I was introduced to Célestin Freinet today by Giorgio Bertini. I am grateful to say the least. Though the “school” aspects of Freinet’s writing are dated in relation to our designs for new learning today, what is striking is how useful these designs are when considering deschooling in all contexts. Freinet worked in rural areas and gave permission to be free in learning-incredible. I look forward to digging into everything I can find on the movement he co-designed with young people and their community.
An excerpt from an article I found:
“By working, experimenting and observing children Freinet discovered techniques and came to his starting points. He refused in fact to call his work “pedagogy”. His opinion was that school had to adapt to society, within the limits of the fundamental starting points. By having this idea everything is open to discussion and can be changed rapidly. So he liked to call his work a movement, rather then a pedagogy.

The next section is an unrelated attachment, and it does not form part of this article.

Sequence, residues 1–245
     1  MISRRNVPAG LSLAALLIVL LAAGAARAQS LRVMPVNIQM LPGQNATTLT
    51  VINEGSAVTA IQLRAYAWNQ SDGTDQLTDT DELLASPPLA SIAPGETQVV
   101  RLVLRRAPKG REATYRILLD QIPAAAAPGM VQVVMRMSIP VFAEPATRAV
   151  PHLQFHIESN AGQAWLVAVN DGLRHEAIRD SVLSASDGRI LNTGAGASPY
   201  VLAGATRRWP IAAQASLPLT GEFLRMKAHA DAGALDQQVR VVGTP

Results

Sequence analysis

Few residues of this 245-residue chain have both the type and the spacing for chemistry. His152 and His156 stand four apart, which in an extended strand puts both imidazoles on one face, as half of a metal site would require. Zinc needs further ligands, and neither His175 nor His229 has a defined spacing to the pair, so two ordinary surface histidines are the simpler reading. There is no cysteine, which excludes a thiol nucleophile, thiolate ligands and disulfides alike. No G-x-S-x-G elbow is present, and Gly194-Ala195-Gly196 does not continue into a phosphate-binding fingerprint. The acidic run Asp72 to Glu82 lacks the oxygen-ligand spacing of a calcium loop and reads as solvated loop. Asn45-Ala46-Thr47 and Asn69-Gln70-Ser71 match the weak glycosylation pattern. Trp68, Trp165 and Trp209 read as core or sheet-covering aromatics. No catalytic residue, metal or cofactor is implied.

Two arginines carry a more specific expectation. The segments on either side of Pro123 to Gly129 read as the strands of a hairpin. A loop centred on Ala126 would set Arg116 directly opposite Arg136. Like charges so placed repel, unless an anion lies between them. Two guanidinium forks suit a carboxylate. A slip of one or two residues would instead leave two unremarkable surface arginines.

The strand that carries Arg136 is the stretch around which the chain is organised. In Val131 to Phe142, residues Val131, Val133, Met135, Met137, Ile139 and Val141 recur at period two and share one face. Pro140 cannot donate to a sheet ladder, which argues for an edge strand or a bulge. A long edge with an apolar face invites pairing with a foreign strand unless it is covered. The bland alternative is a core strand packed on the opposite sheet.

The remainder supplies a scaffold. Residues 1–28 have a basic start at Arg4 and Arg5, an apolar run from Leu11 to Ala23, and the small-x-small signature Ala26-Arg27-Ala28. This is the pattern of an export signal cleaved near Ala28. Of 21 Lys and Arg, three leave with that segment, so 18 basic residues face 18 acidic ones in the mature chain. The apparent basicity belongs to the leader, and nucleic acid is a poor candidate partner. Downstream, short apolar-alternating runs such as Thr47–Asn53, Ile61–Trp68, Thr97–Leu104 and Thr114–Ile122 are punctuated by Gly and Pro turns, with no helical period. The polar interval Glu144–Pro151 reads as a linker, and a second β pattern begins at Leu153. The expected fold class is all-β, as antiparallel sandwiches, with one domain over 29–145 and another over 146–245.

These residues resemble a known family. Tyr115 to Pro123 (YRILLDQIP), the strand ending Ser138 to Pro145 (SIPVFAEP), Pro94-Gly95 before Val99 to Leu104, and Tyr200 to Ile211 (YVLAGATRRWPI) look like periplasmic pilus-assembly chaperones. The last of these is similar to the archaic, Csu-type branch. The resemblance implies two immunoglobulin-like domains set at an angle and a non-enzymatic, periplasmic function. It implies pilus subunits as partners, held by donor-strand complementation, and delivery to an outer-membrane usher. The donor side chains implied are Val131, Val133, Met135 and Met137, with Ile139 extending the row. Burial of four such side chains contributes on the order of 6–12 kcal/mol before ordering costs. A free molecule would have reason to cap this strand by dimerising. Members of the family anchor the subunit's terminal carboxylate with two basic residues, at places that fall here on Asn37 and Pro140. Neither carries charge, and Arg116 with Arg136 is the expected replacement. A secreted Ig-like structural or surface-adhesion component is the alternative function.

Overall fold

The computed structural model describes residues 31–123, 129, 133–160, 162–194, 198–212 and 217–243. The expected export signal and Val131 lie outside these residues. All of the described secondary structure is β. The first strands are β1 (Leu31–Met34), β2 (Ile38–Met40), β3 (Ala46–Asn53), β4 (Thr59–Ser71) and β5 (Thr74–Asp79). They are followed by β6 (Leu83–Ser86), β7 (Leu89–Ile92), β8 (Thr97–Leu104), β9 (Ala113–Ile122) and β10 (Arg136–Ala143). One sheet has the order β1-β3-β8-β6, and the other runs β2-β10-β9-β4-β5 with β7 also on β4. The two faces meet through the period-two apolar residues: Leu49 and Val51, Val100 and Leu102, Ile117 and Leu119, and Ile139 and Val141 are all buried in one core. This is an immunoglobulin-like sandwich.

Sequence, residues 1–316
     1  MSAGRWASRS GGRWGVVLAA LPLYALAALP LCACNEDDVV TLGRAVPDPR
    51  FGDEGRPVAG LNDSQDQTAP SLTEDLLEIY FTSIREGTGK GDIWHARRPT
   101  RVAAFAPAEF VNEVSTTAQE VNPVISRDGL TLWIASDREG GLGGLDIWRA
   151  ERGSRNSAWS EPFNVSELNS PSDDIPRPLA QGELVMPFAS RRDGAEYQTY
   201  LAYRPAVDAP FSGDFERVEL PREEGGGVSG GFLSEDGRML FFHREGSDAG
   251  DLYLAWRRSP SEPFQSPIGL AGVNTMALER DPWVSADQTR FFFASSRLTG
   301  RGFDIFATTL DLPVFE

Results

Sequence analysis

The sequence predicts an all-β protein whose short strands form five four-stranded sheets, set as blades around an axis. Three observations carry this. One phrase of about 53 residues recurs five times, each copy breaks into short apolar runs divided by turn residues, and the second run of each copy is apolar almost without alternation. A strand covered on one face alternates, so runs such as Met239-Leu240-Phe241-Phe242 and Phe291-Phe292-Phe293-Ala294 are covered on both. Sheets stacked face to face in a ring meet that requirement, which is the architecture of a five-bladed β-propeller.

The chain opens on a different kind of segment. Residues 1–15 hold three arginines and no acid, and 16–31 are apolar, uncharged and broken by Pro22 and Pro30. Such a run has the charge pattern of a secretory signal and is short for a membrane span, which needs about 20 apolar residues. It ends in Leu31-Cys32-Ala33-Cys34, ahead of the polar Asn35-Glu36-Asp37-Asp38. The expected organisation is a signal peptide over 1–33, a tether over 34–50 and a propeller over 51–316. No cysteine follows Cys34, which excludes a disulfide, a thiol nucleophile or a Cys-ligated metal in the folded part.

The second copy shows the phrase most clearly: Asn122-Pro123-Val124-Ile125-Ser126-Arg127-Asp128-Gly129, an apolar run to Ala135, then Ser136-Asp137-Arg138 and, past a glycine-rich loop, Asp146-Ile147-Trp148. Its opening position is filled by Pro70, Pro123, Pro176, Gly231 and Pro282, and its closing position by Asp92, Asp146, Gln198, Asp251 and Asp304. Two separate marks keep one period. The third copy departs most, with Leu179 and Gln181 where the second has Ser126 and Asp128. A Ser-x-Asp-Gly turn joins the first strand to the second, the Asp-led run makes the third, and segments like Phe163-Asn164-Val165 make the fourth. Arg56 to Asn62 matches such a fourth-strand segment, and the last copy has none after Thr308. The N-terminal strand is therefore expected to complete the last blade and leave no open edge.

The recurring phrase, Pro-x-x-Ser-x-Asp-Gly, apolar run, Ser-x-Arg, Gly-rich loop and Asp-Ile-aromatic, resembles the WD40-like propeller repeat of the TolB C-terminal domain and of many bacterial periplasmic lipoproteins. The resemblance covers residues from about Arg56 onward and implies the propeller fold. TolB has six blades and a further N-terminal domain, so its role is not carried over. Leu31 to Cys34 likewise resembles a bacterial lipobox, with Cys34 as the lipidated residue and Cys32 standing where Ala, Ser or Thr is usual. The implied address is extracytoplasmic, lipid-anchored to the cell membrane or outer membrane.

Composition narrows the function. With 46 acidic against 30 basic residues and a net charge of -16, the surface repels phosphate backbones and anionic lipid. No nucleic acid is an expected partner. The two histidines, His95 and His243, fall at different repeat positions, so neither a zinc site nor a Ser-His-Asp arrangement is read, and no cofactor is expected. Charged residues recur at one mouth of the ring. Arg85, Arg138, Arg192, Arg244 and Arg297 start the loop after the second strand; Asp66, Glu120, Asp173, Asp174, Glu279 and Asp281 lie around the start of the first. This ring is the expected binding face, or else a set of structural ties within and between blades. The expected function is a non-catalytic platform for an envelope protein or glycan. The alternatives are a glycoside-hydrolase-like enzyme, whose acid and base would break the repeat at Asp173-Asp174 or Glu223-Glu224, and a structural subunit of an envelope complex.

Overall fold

The main starting points are:
Experiences and feelings of children have to be taken as a beginning for education.
Learning is problem solving, experimenting en discovering. If you are allowed to discover things by yourself, guided by a teacher and your group. learning will be more intrinsically motivated.
Learning must occur in a realistic and meaningful context.
School should not be isolated from society. There are no one sided authority situations. Education has to take place in a democratic context.”
From Bronkhorst 1993: See Full Article